|Publication number||US7656153 B2|
|Application number||US 11/338,486|
|Publication date||Feb 2, 2010|
|Filing date||Jan 23, 2006|
|Priority date||Jan 24, 2005|
|Also published as||US20060164105|
|Publication number||11338486, 338486, US 7656153 B2, US 7656153B2, US-B2-7656153, US7656153 B2, US7656153B2|
|Original Assignee||Allan Westersten|
|Export Citation||BiBTeX, EndNote, RefMan|
|Patent Citations (8), Referenced by (3), Classifications (11), Legal Events (2)|
|External Links: USPTO, USPTO Assignment, Espacenet|
Provisional Application No. 60/646,921, filed on Jan. 24, 2005.
This invention relates to metal detectors, and specifically to receiver coils used in pulse-induction-type metal detectors.
In such detectors, a primary magnetic flux pulse is directed into the medium to be searched, and a secondary flux is generated by eddy-currents in the target. The voltage induced by the secondary flux is sensed by a receiver coil.
The primary flux also induces a voltage in the receiver coil, and the target voltage cannot be effectively detected until the effects of the primary flux have substantially subsided.
The energy absorbed by the receiver coil is not dissipated immediately after the cessation of the coil pulse. The inductance and self-capacitance of the receiver coil constitute a resonant circuit that oscillates until the absorbed energy is dissipated. Usually a damping circuit is placed across the terminals of the coil to minimize the oscillations.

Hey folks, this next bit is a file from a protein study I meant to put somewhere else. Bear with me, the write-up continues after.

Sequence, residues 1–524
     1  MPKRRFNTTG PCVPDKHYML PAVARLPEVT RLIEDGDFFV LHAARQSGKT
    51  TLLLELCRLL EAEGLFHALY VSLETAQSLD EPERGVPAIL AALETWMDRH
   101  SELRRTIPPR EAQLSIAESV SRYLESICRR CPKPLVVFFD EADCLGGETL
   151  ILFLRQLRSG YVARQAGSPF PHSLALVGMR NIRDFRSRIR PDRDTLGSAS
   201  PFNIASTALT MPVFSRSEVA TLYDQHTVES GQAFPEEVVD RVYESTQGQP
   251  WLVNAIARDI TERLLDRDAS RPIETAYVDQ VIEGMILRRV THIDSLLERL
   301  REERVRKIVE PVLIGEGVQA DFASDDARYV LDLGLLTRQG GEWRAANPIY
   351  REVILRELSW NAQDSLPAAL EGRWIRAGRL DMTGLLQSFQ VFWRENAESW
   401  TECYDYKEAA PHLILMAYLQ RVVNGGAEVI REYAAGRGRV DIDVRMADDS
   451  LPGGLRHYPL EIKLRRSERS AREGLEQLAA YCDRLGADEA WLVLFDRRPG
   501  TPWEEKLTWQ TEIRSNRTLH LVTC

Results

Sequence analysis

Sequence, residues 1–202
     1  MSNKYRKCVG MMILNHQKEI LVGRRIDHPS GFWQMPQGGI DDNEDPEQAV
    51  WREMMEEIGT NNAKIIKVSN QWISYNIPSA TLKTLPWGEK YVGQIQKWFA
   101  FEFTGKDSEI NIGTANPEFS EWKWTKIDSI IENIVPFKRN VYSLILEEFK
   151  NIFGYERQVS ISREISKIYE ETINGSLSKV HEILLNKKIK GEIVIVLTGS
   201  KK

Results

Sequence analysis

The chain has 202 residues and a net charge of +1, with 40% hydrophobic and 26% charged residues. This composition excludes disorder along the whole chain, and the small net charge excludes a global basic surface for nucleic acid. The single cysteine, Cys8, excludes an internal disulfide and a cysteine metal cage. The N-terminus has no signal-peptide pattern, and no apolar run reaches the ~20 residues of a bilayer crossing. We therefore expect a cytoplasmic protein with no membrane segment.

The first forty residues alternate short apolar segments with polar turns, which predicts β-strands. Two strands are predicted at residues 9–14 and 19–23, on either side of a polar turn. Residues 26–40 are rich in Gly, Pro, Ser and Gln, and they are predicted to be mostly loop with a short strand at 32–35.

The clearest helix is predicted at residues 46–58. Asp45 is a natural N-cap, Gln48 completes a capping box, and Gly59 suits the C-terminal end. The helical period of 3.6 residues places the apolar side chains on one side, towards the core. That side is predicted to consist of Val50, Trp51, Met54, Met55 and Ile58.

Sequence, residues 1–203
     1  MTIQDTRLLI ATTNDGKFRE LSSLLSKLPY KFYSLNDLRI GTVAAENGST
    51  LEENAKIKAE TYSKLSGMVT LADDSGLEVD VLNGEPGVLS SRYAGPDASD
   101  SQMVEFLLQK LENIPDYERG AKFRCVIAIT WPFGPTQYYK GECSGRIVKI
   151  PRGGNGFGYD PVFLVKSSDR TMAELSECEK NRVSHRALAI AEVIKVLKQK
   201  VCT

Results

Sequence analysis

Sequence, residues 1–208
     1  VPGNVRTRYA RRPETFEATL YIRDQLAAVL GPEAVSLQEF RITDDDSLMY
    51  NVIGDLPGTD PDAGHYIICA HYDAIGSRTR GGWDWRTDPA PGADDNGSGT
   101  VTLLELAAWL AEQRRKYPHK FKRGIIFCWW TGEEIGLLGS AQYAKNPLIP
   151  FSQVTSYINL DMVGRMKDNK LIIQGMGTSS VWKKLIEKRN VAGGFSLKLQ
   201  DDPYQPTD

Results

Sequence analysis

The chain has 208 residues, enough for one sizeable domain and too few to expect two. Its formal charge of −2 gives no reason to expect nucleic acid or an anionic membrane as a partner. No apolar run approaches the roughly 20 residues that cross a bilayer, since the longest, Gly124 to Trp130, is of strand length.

Even when a damping circuit is used, a minimum delay must be inserted between the end of the coil pulse and the beginning of the signal gating pulse, to avoid admixture of target and artifact signals.
The length of the delay determines the shortest time constant that a target signal can have to be detectable by the coil system. The target signal decays exponentially with time, and after a time interval that corresponds to about four time constants, it has been reduced to substantially zero.
This circumstance is of particular significance in metal detectors intended to detect high-resistivity metals. Tramp metal on conveyor belts frequently includes objects made of high-resistivity alloys. Gold veins and nuggets also represent targets with short time constants, owing to the relatively high resistivity of gold and the irregular eddy-current paths in such targets.
To mitigate the above difficulties, coil configurations that minimize the amount of intercepted energy have been devised. The “induction balance” type coil configuration is an example of such an arrangement. This amounts to a physical alignment of the coils in which the receiver coil intercepts essentially equal amounts of flux of opposing polarities from the transmitter coil.
The same effect can be obtained by adding a compensating coil with a tighter coupling to the receiver coil than the transmitter coil.
Penland, in U.S. Pat. No. 3,471,773 shows a coil configuration exemplifying the induction balance principle.
Thompson, in U.S. Pat. No. 4,255,711 shows the use of the compensating coil. Both of the above methods suffer from the drawback that the sensitivity of the detector is decreased by their use.